Simply put, the new Intel Xeon "Haswell EP" chips are multi-core behemoths: they support up to eighteen cores (with Hyper-Threading yielding 36 logical cores). Core counts have been increasing for years now, so it is easy to dismiss the new Xeon E5-2600 v3 as "business as usual", but it is definitely not. Piling up cores inside a CPU package is one thing, but getting them to do useful work is a long chain of engineering efforts that starts with hardware intelligence and that ends with making good use of the best software libraries available.

While some sites previously reported that an "unknown source" told them Intel was cooking up a 14-core Haswell EP Xeon chip, and that the next generation 14 nm Xeon E5 "Broadwell" would be an 18-core design, the reality is that Intel has an 18-core Haswell EP design, and we have it for testing. This is yet another example of truth beating fiction.

18 cores and 45MB LLC under that shiny new and larger heatspreader.

The technical challenge of the first step to make sure that such a multi-core monster actually works is the pinnacle of CPU engineering. The biggest challenge is keeping all those cores fed with data. A massive (up to 45MB) L3 cache will help, but with such massive caches, the latency and power consumption can soar quickly. Such high core counts introduce many other problems as well: cache coherency traffic can grow exponentially, one thread can get too far ahead of another, the memory controller can become a bottleneck, and so on. And there is more than the "internal CPU politics".

Servers have evolved into being small datacenters: in a modern virtualized server, some of the storage and network services that used to be handled by external devices are now software inside of virtual machines (VMware vSAN and NSX for example). In other words, not only are these servers the home of many applications, the requirements of these applications are diverging. Some of these applications may hog the Last Level Cache and starve the others, others may impose a heavy toll on the internal I/O. It will be interesting to see how well the extra cores can be turned into real world productivity gains.

The new Xeon E5 is also a challenge to the datacenter manager looking to make new server investments. With 22 new SKUs ranging from a 3.5GHz quad-core model up to an 18-core 2.3GHz SKU, there are almost too many choices. While we don't have all of the SKUs for testing, we do have several of them, so let's dig in and see what Haswell EP has to offer.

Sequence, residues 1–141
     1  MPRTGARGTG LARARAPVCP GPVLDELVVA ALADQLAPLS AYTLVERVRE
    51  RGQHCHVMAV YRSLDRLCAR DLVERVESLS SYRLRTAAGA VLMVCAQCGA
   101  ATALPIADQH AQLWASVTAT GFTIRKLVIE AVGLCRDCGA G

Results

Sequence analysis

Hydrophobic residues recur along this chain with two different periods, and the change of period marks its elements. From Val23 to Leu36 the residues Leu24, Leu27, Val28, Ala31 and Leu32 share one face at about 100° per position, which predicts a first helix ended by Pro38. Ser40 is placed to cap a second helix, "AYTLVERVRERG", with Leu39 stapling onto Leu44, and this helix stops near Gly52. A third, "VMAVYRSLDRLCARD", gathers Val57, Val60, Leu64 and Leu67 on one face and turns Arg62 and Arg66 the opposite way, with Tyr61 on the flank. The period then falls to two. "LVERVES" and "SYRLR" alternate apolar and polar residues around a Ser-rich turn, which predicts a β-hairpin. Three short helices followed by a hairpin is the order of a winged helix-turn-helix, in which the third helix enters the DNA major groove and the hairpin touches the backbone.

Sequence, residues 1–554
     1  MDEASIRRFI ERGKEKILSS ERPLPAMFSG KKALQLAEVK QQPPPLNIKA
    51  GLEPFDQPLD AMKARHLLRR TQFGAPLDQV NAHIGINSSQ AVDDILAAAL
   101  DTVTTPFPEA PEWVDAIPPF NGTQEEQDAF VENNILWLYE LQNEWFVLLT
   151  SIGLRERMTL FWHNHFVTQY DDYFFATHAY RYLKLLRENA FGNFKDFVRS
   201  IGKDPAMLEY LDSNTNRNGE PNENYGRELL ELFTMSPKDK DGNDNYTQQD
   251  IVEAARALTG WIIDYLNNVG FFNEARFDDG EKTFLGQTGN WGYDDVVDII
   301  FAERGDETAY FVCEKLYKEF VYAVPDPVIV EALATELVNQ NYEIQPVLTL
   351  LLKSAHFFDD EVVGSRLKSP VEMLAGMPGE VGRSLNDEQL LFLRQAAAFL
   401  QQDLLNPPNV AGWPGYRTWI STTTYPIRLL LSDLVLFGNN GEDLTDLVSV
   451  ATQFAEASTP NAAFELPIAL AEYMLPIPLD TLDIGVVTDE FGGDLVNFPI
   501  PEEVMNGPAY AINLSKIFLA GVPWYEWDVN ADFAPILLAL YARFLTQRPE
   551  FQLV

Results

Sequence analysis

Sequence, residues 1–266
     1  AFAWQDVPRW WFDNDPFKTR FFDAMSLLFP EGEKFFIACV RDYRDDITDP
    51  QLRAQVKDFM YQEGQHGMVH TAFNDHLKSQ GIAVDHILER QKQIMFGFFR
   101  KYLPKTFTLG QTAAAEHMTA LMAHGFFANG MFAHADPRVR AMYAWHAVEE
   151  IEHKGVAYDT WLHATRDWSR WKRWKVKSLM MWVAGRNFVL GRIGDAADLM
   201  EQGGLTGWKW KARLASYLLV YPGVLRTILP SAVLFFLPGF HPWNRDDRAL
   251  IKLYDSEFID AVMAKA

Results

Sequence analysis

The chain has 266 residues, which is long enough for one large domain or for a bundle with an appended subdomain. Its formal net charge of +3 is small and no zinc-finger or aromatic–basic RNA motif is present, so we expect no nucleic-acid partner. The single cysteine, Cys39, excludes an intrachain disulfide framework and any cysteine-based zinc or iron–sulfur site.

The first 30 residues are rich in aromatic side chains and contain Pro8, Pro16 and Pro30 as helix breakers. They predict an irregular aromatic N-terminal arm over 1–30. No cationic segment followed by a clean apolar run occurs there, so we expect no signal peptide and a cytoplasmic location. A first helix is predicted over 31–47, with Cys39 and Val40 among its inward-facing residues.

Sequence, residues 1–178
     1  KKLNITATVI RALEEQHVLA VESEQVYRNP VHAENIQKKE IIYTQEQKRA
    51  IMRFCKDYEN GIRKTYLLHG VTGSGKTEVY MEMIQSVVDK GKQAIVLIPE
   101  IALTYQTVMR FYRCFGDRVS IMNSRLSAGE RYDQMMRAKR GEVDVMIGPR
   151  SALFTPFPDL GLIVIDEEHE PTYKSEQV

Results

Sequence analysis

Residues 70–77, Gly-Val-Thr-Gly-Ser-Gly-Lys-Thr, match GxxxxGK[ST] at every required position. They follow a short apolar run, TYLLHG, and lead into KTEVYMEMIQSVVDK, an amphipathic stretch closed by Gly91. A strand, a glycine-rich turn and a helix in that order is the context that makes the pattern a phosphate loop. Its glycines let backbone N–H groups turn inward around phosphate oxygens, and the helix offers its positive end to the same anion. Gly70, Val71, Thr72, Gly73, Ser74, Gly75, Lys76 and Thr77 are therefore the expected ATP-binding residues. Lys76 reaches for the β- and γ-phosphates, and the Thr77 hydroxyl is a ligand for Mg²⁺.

Refresher: the Haswell Core
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  • KAlmquist - Monday, September 08, 2014 - link

    Also, the 2637 v2 is 4/8, not 6/12. Reply
  • isa - Monday, September 08, 2014 - link

    Looking forward to a new supercomputer record using these behemoths. Reply
  • Bruce Allen - Monday, September 08, 2014 - link

    Awesome article. I'd love to see Cinebench and other applications tests. We do a lot of rendering (currently with older dual Xeons) and would love to compare these new Xeons versus the new 5960X chips - software license costs per computer are so high that the 5960X setups will need much higher price/performance to be worth it. We actually use Cinema 4D in production so those scores are relevant. We use V-Ray, Mental Ray and Arnold for Maya too but in general those track with the Cinebench scores so they are a decent guide. Thank you! Reply
  • Ian Cutress - Monday, September 08, 2014 - link

    I've got some E5 v3 Xeons in for a more workstation oriented review. Look out for that soon :) Reply
  • fastgeek - Monday, September 08, 2014 - link

    From my notes a while back... two E5-2690 v3's (all cores + turbo enabled) under 2012 Server yielded 3,129 for multithreaded and 79 for single.

    While not Haswell, I can tell you that four E5-4657L V2's returned 4,722 / 94 respectively.

    Hope that helps somewhat. :-)
    Reply
  • fastgeek - Monday, September 08, 2014 - link

    I don't see a way to edit my previous comment; but those scores were from Cinebench R15 Reply
  • wireframed - Saturday, September 20, 2014 - link

    You pay for licenses for render Nodes? Switch to 3DS, and you get 9999 nodes for free (unless they changed the licensing since I last checked). :) Reply
  • Lone Ranger - Monday, September 08, 2014 - link

    You make mention that the large core count chips are pretty good about raising their clock rate when only a few cores are active. Under Linux, what is the best way to see actual turbo frequencies? cpuinfo doesn't show live/actual clock rate. Reply
  • JohanAnandtech - Monday, September 08, 2014 - link

    The best way to do this is using Intel's PCM. However, this does not work right now (only on Sandy and Ivy, not Haswel) . I deduced it from the fact that performance was almost identical and previous profiling of some of our benchmarks. Reply
  • martinpw - Monday, September 08, 2014 - link

    There is a nice tool called i7z (can google it). You need to run it as root to get the live CPU clock display. Reply

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